First Inklings I Was A Lesbian…

Despite knowing—on some level at a very young age that I was a lesbian, it took a silly amount of time for the pink penny to finally, consciously drop.

Into my university years I was writing entry after entry in my diary about how beautiful my latest girl-crush’s eyes were … yet expressing in the very next paragraphs my bewilderment as to why I never felt excited when a boy touched me.

My diary makes for a forehead-slapping read.

So, how could I know I was gay when I didn’t know?

What were the light prods at my conscious mind?
What were those early signs?


If I found another girl attractive, I somehow knew, from the earliest age, to keep this to myself.

We are so subtly trained all day every day to be gender-conforming and heterosexual, that the youngest child knows when she has stepped outside these social expectations. I knew I had to keep certain feelings secret that other children could share freely.


When the five-year-old kids in the playground did an impression of a teapot (which I now know to be a supposedly gay man with one hand on his hip, the other hand dangling from a limp wrist), I had no idea what they meant (and I’m fairly certain that they didn’t either).

But I did know that:
a) I mustn’t be a teapot
b) I was probably a teapot


In every infant school assembly, where I would sit cross-legged in the rows of five and six year olds, I would stare in the direction of the piano.

I would wait for the hymns to start, when the teacher would raise her hands, in preparation, way above the keys. From that moment I was transfixed by the agility and motion of her fingers.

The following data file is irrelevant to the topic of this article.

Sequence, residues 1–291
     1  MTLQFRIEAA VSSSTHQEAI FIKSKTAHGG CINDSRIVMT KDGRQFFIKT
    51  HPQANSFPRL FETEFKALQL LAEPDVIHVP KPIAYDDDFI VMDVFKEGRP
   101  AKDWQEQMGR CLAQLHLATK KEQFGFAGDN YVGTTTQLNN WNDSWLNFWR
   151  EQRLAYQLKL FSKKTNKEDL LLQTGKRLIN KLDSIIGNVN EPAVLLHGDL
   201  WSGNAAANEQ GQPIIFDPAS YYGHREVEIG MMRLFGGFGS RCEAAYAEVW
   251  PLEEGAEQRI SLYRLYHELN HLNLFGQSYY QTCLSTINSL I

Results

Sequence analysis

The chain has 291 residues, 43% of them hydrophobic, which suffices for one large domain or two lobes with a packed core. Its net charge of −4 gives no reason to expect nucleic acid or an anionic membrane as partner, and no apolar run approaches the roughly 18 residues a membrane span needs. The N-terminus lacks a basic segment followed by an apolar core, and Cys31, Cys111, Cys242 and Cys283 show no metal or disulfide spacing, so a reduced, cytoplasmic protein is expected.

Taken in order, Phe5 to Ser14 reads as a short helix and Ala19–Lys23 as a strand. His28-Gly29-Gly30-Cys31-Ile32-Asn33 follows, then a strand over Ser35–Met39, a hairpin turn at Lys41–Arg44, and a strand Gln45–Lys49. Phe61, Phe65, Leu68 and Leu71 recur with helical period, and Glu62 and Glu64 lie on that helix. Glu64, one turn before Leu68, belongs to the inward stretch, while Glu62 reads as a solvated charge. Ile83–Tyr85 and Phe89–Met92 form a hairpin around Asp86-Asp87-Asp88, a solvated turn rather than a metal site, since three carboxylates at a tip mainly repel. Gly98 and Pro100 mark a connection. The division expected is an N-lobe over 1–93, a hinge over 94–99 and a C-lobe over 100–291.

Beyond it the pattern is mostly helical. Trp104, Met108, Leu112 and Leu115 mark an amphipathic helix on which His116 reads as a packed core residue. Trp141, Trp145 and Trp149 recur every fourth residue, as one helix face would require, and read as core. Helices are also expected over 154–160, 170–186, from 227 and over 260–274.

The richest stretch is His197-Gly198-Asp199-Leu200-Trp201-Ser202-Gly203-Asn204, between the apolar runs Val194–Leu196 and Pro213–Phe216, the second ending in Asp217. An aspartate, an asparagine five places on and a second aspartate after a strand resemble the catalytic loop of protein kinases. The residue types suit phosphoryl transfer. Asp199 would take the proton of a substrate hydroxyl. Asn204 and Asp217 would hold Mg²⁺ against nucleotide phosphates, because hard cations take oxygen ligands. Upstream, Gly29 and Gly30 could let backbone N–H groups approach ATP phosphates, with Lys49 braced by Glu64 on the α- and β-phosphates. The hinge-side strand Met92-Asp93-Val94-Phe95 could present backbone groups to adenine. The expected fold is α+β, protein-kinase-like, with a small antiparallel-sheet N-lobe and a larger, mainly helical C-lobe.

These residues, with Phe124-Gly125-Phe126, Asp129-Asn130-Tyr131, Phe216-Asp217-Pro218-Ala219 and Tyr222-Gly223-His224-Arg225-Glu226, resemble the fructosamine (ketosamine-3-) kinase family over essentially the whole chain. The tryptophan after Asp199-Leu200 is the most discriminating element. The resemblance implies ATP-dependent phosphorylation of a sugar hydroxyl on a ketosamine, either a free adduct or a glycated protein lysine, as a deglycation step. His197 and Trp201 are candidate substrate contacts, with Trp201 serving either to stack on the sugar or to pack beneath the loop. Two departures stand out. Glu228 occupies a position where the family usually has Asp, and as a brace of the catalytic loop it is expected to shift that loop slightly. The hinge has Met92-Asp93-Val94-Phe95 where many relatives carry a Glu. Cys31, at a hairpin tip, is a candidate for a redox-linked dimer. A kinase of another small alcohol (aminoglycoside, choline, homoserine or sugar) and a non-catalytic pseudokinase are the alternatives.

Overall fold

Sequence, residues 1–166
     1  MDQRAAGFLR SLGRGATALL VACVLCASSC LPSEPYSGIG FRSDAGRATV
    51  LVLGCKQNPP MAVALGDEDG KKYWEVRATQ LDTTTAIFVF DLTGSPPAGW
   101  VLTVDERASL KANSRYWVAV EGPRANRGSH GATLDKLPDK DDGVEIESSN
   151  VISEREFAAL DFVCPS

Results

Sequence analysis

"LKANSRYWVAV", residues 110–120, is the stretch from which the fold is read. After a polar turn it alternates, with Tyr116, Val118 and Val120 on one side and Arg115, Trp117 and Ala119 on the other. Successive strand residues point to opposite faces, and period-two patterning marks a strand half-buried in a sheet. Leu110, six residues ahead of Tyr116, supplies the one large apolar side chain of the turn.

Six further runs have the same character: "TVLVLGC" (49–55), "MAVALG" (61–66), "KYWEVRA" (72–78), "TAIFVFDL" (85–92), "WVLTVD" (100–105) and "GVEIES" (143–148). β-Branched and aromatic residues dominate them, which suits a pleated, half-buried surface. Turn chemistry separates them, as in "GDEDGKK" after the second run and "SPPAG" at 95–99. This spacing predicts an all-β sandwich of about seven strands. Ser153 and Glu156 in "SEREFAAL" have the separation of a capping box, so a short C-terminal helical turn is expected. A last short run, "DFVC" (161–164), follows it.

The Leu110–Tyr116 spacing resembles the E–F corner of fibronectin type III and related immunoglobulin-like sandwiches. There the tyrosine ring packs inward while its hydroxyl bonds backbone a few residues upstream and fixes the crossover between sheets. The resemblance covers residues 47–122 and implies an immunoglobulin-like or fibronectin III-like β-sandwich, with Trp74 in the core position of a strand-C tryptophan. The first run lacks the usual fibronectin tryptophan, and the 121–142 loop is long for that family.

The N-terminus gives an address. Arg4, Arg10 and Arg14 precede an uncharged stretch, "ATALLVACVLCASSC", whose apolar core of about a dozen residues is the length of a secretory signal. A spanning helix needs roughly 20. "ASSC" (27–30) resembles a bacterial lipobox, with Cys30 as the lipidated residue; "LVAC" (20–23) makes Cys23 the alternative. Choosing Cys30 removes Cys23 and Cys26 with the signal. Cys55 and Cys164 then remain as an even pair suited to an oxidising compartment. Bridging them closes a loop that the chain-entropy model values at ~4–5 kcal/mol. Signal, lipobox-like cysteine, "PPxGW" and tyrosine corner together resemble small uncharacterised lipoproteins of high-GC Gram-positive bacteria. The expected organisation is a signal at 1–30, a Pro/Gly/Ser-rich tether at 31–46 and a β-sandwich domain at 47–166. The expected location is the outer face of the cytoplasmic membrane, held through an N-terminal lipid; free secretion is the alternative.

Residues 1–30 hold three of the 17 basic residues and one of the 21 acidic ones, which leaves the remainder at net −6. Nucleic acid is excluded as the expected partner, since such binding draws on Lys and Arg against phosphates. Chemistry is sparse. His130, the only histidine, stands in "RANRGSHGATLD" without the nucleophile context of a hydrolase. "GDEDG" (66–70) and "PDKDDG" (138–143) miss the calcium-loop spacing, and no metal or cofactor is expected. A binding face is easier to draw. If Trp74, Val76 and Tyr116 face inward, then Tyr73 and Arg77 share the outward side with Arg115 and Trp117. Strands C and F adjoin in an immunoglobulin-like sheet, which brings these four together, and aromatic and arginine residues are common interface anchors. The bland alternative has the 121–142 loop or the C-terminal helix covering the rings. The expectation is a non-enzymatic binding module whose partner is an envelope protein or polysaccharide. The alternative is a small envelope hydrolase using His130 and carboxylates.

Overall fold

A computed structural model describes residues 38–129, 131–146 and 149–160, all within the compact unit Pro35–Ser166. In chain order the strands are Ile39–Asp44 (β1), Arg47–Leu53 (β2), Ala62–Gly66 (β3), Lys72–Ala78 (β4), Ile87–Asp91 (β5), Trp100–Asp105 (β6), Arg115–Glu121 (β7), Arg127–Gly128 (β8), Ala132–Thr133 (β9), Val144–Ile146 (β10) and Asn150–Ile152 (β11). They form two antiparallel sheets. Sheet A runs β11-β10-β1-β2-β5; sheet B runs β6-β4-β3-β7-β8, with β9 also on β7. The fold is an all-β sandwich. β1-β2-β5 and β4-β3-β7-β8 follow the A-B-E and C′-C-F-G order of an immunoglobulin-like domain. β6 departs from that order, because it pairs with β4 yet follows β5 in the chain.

There was something about those hands. And whatever it was, I wanted it.


While my sister was converting our shared playroom into her personal ‘dollies’ hospital,’ I put on my big boots, climbed trees, played football, and practised cycling round the sharpest corners with no hands.

I was aware that all the other girls seemed to be conforming to a role that held no interest for me.


As I was growing up, I was aware that I felt excessively fond of certain friends.
And I was aware that I seemed to have more of a need than other children to cultivate special friendships, in which exclusivity would play a part, in my favour…

It wasn’t until I was fourteen that this tendency reached a peak.
When my best friend of two years dumped me for being overbearingly possessive, I cried myself to sleep for two years.

What were your first inklings?

How did you know you were gay … before you knew you were gay?

Natasha Holme is author of Lesbian Crushes and Bulimia: A Diary on How I Acquired my Eating Disorder.



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  1. jane

    Thoughtful article.

  2. Shane

    The hands part and cycling tricks made me laugh, so me! Snap!

    I remember being awestruck by how tall and strong and boyish my primary school teacher was. Ohhh how I adored her more than anything, she must have noticed because she was super kind to me and even gave me a hug when she returned for a visit after she left.

    Suffice to say my taste in women hasn’t changed much since. I get warm fuzzies just remembering her… sigh.

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